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TECHNO + RUNWAY:
OUR UNHOLY RELIGION

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Ah, the sacred union of techno and runway. The pulsating beats of underground clubs combined with the avant-garde creations of daring designers – it's a match made in heaven, or perhaps, a trendy warehouse in Berlin. Like penitent pilgrims, we flock to the altar of fashion and techno, worshipping the gods of minimalism and outrageousness. Let's explore this divine connection, shall we?

One can't help but ponder the symbiosis between techno and fashion. After all, both worlds are built on a foundation of innovation, non-conformity, and a penchant for the provocative. It's no wonder that the two have become inseparable, as they feed off each other's creative energy like a pair of impeccably-dressed vampires.

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Givenchy RTW Fall 2021

Take, for instance, the latest runway shows. Was it just me, or was there an unusually high number of models stomping down the catwalk to the hypnotic beats of techno? And it's not just any techno – we're talking about obscure tracks that I swear I've heard echoing in the depths of an illegal rave at 4 am. It seems that fashion has finally caught up with the pace of our late-night escapades, and is embracing the dark, sweaty underbelly of techno culture.

MILAN — Miuccia Prada and Raf Simons enlisted electronic music icon Richie Hawtin, also known as Plastikman, to craft the soundtracks for Prada's men's and women's fall fashion shows. Specifically, the women's collection video showcased models dancing in a dark, techno club-inspired environment.

 

For his men's fall debut, MSGM creative director Massimo Giorgetti set up a rave party amid snowy conditions; Matthew Williams evoked a techno concert ambiance for Givenchy's digital showcase, and GCDS displayed a club-ready lineup with a psychedelic vibe. In Paris, Coperni took its attendees to the AccorHotels Arena for a parade of club attire accompanied by techno music, while newly appointed artistic director Nicolas Di Felice paid tribute to club culture with his fall collection for Courrèges.

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Rick Owens Runway Pieces FW22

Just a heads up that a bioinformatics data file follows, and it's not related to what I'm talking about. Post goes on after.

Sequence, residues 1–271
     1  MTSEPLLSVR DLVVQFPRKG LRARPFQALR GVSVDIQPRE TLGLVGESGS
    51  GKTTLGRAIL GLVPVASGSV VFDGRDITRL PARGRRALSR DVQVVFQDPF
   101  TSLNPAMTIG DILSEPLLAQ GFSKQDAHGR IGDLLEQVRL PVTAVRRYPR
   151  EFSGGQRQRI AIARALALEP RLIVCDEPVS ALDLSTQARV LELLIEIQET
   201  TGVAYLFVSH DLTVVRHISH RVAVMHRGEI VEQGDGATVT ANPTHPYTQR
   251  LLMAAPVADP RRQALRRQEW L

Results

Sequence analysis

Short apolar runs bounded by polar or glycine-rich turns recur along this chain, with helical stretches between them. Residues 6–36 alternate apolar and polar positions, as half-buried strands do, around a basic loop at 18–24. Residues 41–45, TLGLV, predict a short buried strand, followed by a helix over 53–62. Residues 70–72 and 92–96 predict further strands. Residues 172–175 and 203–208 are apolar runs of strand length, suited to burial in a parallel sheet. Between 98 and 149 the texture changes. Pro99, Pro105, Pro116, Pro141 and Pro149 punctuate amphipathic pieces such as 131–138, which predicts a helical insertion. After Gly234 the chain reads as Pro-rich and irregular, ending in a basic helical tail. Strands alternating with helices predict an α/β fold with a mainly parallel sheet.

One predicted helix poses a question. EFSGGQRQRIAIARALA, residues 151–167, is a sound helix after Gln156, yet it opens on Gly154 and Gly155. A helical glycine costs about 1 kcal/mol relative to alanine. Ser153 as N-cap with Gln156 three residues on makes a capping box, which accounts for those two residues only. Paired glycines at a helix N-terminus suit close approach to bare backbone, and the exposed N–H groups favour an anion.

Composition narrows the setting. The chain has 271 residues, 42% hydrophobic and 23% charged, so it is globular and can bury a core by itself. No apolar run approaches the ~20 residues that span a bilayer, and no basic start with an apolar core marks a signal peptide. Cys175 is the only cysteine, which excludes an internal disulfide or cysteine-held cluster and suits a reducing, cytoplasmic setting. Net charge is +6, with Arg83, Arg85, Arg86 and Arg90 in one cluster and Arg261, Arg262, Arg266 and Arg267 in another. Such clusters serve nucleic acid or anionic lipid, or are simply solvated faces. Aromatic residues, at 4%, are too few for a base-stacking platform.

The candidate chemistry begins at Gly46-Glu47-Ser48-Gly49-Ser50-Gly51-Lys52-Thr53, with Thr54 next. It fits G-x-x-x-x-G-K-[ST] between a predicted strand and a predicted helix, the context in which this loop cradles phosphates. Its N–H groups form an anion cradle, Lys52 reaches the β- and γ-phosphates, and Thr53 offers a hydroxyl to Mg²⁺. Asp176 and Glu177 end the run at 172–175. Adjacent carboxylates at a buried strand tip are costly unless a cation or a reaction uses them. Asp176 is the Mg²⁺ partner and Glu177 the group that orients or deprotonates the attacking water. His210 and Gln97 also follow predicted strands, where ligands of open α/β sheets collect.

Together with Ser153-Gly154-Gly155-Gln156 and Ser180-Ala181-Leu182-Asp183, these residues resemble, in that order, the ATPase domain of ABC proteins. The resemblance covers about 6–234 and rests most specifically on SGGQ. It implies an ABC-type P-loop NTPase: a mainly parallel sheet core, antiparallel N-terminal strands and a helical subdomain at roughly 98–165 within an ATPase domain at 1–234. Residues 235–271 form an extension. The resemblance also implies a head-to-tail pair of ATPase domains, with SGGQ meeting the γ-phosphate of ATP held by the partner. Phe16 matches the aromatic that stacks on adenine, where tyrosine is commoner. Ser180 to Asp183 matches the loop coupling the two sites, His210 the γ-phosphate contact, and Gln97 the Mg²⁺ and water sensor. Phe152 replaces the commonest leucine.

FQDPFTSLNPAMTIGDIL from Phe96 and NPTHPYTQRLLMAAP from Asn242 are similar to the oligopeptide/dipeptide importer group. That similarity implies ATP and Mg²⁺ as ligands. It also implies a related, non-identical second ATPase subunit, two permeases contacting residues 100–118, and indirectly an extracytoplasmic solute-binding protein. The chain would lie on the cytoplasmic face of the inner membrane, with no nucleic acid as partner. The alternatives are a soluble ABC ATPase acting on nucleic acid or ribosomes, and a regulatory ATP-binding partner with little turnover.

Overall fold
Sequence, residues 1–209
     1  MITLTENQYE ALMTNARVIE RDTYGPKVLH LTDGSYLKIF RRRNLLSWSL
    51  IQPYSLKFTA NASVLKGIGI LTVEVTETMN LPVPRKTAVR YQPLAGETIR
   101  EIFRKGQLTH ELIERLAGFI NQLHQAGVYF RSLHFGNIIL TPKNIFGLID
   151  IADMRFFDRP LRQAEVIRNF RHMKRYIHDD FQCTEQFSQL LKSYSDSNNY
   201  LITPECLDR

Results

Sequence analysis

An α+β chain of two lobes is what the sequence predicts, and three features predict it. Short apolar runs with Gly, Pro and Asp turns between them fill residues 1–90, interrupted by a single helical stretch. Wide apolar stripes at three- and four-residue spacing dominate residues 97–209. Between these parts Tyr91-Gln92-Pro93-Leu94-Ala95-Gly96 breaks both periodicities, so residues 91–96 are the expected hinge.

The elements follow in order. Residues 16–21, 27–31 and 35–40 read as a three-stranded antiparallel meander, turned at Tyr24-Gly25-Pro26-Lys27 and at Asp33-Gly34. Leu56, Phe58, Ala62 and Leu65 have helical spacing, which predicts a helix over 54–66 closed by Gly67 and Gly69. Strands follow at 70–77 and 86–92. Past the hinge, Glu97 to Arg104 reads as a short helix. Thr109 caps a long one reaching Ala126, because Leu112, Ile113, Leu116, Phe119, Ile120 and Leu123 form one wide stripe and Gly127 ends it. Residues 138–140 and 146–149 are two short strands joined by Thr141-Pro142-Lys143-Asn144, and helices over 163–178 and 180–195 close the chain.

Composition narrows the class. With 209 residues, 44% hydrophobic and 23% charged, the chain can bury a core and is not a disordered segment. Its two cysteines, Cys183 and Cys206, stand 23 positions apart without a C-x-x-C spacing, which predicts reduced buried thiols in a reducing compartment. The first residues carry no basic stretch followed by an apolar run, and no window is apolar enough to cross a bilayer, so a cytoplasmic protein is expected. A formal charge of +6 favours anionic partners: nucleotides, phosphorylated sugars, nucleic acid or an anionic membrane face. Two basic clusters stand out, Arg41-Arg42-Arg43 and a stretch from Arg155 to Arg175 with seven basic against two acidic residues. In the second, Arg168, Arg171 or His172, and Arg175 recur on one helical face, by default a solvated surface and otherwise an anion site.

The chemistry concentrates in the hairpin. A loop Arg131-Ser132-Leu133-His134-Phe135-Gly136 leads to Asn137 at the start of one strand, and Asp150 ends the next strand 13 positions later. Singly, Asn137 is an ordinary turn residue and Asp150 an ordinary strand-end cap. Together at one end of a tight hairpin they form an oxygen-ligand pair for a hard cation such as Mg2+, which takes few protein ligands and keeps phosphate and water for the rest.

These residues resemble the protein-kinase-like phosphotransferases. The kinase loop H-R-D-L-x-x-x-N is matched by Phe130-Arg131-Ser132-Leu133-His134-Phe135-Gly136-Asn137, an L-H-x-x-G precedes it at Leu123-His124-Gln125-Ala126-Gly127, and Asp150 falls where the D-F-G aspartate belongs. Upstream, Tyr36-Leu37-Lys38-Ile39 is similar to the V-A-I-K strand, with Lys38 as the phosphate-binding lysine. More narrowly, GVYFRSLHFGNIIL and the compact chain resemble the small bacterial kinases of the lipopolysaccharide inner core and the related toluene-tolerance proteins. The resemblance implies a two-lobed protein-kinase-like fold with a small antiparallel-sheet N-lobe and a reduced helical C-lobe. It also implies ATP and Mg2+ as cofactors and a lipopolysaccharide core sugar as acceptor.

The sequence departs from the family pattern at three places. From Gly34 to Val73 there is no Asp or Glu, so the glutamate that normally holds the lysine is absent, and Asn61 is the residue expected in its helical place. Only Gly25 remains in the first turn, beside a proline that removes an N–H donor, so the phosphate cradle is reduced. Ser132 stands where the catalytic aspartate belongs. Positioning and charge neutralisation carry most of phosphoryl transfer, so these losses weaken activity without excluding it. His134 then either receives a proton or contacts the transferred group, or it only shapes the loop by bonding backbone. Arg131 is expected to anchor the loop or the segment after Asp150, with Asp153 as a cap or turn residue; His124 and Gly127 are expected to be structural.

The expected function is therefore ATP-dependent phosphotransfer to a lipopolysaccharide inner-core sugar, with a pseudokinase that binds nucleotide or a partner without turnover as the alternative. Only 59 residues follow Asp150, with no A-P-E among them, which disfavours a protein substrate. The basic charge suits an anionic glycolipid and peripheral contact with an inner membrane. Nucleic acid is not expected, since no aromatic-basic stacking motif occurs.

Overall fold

These are just a few instances of the considerable and ongoing impact of rave and clubbing culture on the collections showcased by various fashion houses one year after the start of the COVID-19 pandemic. This global crisis imposed restrictions on personal freedom and forced individuals to reevaluate their personal and professional lives.

 

Escapism had already surfaced as a theme in the spring 2021 collections presented last fall amid the ongoing pandemic. However, while it initially manifested as a gentle nostalgia and the longing for reassurance, in the following season, escapism took on a more rebellious, assertive tone.

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Professor Carolyn Mair, a behavioral psychologist, PhD, author of "The Psychology of Fashion," and founder of Psychology.fashion, believes that people's excitement for the return of freedom, social interaction, and self-expression will lead to a rush to engage with the world at large, whether through clothing or social activities like dining, drinking, and clubbing. Mair explains that fashion mirrors the zeitgeist, and losing oneself in music and dancing with others allows for a temporary escape from everyday concerns and responsibilities.

 

Doris Domoszlai, a fashion historian and cofounder of Fashion Forward, a New York-based fashion think tank, also sees a strong connection between fashion's recent embrace of escapism and the lack of freedom experienced by people worldwide. Domoszlai points out that given the ongoing pandemic, it's no surprise that many designers have turned to escapism to express their frustrations and hopes for the future. Outdoor and rave cultures serve as venues of escape, offering excitement beyond the confined spaces people have been restricted to during lockdowns.

OFF-WHITE FW19
OFF-WHITE FW19

Off-White FW 19 Men's Collection

Domoszlai also reflects on several digital shows from the fall 2021 fashion weeks. She notes that Givenchy's collection, set to electronic music in a warehouse reminiscent of 90s' acid raves and recent illegal pandemic-era raves, underscores the urgency to escape the current dystopian reality. Domoszlai also draws parallels between the GCDS digital presentation and early 2000s' Millennium Bag, as well as the fear of an uncertain digital future. The GCDS collection represents an escape to both the past's view of the future and the potential places people can go to break free from long-term quarantine.

 

Furthermore, Domoszlai highlights Ottolinger's digital presentation, which explores escapism from an outdoor perspective. By transporting viewers to an unnamed, futuristic, rocky landscape, the activewear-inspired collection conveys the designers' need to escape confined spaces due to COVID-19 and the feeling of being lost in uncharted territory. The presentation's final words, describing the setting as "formerly known as somewhere, now known as nowhere," encapsulate the disconnection the designers feel with today's world.

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